-------  ----  -----    -------  ----  -----    -------  ----  -----
   032     20  (Space)     064     40     @        096     60     ` 
   033     21     !        065     41     A        097     61     a 
   034     22     "        066     42     B        098     62     b 
   035     23     #        067     43     C        099     63     c 
   036     24     $        068     44     D        100     64     d 
   037     25     %        069     45     E        101     65     e 
   038     26     &        070     46     F        102     66     f 
   039     27     '        071     47     G        103     67     g 
   040     28     (        072     48     H        104     68     h 
   041     29     )        073     49     I        105     69     i 
   042     2A     *        074     4A     J        106     6A     j 
   043     2B     +        075     4B     K        107     6B     k 
   044     2C     ,        076     4C     L        108     6C     l 
   045     2D     -        077     4D     M        109     6D     m 
   046     2E     .        078     4E     N        110     6E     n 
   047     2F     /        079     4F     O        111     6F     o 
   048     30     0        080     50     P        112     70     p 
   049     31     1        081     51     Q        113     71     q 
   050     32     2        082     52     R        114     72     r 
   051     33     3        083     53     S        115     73     s 
   052     34     4        084     54     T        116     74     t 
   053     35     5        085     55     U        117     75     u 
   054     36     6        086     56     V        118     76     v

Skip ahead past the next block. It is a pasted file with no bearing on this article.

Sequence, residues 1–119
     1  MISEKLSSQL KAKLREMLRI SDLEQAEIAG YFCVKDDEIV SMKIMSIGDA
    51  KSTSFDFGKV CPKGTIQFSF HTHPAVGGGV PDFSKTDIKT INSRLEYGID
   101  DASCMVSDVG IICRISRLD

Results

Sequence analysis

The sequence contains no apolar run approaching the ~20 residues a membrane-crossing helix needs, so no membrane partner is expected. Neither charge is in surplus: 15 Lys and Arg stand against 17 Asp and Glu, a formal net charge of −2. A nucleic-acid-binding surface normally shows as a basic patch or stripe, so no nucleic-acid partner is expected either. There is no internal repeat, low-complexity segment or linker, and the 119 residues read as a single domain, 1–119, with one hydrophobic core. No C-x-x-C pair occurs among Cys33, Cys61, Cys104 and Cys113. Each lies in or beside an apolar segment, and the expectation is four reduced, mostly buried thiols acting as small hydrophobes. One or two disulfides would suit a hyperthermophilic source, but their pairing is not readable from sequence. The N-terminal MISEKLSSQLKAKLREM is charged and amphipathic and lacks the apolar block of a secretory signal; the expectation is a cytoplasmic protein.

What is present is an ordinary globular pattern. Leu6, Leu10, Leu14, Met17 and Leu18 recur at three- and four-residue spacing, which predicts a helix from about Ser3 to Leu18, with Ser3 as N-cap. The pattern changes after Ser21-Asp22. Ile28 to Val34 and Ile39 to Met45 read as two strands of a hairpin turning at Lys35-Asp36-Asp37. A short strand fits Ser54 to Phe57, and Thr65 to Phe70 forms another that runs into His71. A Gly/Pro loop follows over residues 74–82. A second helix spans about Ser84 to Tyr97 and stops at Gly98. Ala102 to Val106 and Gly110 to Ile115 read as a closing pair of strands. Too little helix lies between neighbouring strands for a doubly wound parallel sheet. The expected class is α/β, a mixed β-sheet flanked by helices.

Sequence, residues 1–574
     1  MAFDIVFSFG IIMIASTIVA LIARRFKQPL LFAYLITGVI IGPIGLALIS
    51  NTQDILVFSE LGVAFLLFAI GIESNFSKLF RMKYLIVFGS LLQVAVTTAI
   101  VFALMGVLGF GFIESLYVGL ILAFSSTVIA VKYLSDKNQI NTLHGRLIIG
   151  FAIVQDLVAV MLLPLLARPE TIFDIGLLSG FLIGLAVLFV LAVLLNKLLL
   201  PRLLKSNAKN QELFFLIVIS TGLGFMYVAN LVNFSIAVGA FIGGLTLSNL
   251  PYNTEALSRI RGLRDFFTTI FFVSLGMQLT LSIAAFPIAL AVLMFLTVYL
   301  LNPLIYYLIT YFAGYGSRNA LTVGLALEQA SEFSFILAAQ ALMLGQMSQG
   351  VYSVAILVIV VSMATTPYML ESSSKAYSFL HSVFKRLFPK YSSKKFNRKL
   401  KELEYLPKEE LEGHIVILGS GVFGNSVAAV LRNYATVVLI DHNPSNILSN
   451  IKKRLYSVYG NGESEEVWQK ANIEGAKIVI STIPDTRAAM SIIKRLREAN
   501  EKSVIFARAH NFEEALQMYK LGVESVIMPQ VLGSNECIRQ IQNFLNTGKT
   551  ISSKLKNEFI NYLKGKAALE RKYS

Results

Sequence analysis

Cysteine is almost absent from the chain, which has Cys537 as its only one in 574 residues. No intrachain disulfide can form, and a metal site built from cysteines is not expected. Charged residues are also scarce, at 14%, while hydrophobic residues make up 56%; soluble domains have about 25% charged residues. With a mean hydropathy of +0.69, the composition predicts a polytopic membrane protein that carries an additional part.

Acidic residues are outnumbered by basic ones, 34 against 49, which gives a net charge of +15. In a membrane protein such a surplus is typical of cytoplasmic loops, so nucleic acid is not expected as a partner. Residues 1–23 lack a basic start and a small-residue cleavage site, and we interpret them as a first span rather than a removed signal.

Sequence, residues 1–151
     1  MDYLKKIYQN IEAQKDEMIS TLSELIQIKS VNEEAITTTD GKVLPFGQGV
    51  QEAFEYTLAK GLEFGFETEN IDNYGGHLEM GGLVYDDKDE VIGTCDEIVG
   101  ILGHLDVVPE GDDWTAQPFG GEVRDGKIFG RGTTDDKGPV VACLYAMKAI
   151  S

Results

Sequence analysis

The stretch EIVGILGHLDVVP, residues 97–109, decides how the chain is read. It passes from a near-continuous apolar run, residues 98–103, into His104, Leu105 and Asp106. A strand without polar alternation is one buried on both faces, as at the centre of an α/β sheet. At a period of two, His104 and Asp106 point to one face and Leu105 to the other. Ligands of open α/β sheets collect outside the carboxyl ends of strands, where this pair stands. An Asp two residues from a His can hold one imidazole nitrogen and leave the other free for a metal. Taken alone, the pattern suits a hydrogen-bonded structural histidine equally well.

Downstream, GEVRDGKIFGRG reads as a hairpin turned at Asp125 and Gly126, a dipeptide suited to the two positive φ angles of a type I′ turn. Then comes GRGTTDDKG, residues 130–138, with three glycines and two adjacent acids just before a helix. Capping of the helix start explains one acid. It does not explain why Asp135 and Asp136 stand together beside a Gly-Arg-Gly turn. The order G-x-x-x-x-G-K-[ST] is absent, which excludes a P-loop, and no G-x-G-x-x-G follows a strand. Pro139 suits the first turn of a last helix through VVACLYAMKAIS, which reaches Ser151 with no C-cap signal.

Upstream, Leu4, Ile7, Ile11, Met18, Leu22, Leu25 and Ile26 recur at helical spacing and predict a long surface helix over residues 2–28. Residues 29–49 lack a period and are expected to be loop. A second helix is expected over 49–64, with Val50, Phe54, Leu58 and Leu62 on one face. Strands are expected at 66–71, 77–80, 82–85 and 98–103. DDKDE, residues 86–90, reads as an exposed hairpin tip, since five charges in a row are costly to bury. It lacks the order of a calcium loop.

055     37     7        087     57     W        119     77     w 
   056     38     8        088     58     X        120     78     x 
   057     39     9        089     59     Y        121     79     y 
   058     3A     :        090     5A     Z        122     7A     z 
   059     3B     ;        091     5B     [        123     7B     { 
   060     3C     <        092     5C     \        124     7C     | 
   061     3D     =        093     5D     ]        125     7D     } 
   062     3E     >        094     5E     ^        126     7E     ~ 
   063     3F     ?        095     5F     _        127     7F    DEL

The first thirty-two codes (numbers 0--31) in ASCII are reserved for control characters: codes that may not themselves represent information, but that are used to control devices (such as printers) that make use of ASCII. For example, character 10 represents the "line feed" function (which causes a printer to advance its paper), and character 27 represents the "escape" key found on the top left of common keyboards. Note how uppercase characters can be converted to lowercase by adding 32 to their ASCII value; in binary, this can be accomplished simply by setting the sixth-least significant bit to 1.